I agree with Calderwood’s sense of the truth in King Lear being found in immediate, uninterpreted experience, but contend that the outcome of seeing such truth might not be ultimately bleak. It is quite possible that Lear never reaches such a point of understanding, and that this lack of understanding is in fact his tragedy. Calderwood suggests that his tragedy is not in his lack of understanding but in the fact that he understands too much, making his tragedy more the tragedy of all humankind. But, there seems evidence, to me, that Lear is still not at the point of seeing “what is” immediately. He, for instance, kills the guard who has hanged Cordelia in an act of revenge and later brags about it to her corpse. This suggests that he is still in the glaze of at least a false conventional sense of revenge, in which one killing justifies another. Also, he is far from readily willing to accept the death of his Cordelia. He admits that she is “dead as earth,” but then revokes the statement as he deludes himself into believing that the feather stirs and she lives. Lear has not even entered upon the possibility of purgatorial transformative suffering because he is not willing to experience the immediate reality of “what is,” the dead body of Cordelia. Even at the end he fails to make any real acceptance as he still looks upon her lips for the breath of life, this time in a frenzy (”Look there, look there!”) Lear’s failure to come to accept the pain of the present reality should be made obvious to all at this point. Kent’s “Break, heart, I prithee, break!” can even be seen as a command towards Lear’s condition. If Lear had faith enough to allow his heart to break, to feel the full immediate pain of death, he might gain some redemption. Instead, Lear unnaturally clings to illusions of life in death’s closing hour, and this struggle causes him more pain than the acceptance of death possibly could. As such, Kent’s command can also be seen as a sort of warning to the reader. We are to learn from Lear what Lear could not.

Perhaps, though, I have been granting too much credence to the views of Calderwood. It is true that Shakespeare does uncreate his play, as he “begins with art and subtracts from it towards nature as the chaotic immediate,” to deliver the feeling of that immediate in its rawness. The purpose of the play, however, might be not to “inform us that this is not the worst after all, only a saying of the worst,” not to show the inadequacy of language, but, rather, to reaffirm the language (18). Shakespeare brings us to nothing at the end of King Lear, but as Calderwood has shown us, “Something frequently comes of nothing in King Lear” (6). The most significant instance of nothing is the first, the “nothing” of Cordelia’s pronouncement. Cordelia’s “nothing,” however, is much more of a something than the dead flattery of her sisters. She is the only one who loves her father but cannot “heave her heart into her mouth.” But, because of his merely conventional way of seeing, Lear interprets Cordelia’s something as a nothing. From here we see Lear unfold and come to nothing himself, undergoing what may be viewed as a transformational suffering. If Lear’s transformation is completed he would recognize the value of the experiential/mystical process as opposed to hardened conventional forms. And from here, he could gain a new understanding of language, bringing the play full circle and offering some redemption. As Edgar says in the end, “Speak what we feel, not what we ought to say.” The new power of language is not in what is said, but how it is said. Thus, in the end, Lear recognizes Cordelia as a fool for breaking from convention earlier, but a wise fool. He has perhaps actually learned the value of Cordelia’s lesson, to love unconditionally, as with his last words he tells all to look on her lips from which issued the original loving paradox that lead to Lear’s final redemption.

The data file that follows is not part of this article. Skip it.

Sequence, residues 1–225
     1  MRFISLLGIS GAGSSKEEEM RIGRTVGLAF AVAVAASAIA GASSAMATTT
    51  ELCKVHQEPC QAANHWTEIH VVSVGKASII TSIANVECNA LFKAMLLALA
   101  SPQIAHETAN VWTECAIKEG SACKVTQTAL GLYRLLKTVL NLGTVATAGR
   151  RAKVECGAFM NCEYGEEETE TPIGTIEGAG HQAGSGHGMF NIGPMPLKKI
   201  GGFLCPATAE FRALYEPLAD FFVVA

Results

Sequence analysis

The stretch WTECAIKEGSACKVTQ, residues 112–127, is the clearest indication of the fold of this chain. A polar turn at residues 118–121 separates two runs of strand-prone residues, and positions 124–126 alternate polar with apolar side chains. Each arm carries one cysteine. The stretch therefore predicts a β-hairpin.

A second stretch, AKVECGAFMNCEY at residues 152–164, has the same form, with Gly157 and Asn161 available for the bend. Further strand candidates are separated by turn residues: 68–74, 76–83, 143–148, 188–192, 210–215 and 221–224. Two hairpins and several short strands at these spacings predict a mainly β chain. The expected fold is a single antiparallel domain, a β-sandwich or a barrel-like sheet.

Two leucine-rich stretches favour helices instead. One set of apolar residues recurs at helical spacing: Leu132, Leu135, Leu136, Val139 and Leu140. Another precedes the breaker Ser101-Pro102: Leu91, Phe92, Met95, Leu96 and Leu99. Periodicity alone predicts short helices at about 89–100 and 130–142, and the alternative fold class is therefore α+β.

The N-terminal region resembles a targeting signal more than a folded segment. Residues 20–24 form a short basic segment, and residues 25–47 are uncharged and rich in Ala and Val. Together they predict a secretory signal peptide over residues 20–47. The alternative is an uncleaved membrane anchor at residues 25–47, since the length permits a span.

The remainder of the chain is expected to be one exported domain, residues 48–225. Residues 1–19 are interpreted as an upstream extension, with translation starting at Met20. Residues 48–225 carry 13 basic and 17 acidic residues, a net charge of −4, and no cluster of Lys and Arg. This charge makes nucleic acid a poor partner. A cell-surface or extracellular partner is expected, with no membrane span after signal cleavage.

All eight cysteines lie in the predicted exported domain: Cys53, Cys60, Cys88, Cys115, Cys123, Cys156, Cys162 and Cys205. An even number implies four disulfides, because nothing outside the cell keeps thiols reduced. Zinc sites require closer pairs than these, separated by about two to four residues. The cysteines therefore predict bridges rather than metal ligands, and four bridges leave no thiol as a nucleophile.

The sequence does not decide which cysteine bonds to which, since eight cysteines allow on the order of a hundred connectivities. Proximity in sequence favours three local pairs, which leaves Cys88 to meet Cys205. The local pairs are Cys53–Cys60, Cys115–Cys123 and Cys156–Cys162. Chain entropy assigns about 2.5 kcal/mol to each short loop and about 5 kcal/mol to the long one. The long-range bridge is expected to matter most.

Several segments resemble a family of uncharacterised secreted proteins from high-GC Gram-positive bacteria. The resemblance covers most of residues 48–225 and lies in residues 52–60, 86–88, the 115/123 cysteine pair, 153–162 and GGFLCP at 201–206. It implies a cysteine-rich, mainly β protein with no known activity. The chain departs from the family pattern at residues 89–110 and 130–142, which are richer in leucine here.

Redemption in a play where the suffering is deeply internalized must necessarily be difficult to express. King Lear is one of the rare pieces of art whose meaning many people would readily admit cannot be easily stated in any convenient terms. The play revolves around emotion more than cognition, and as such, moves beyond the realm of any dogmatic interpretation. This does not necessarily mean, though, that it moves beyond the realm of religion. Any religion with the elasticity to encompass the whole scope of human emotion and experience can be related to Lear. As Lynch says, “While Leir is a play about carrying crosses, Lear is a play about dying on them” (55). If we read Lear once, live and die with it completely, then never say anything else about it, so be it.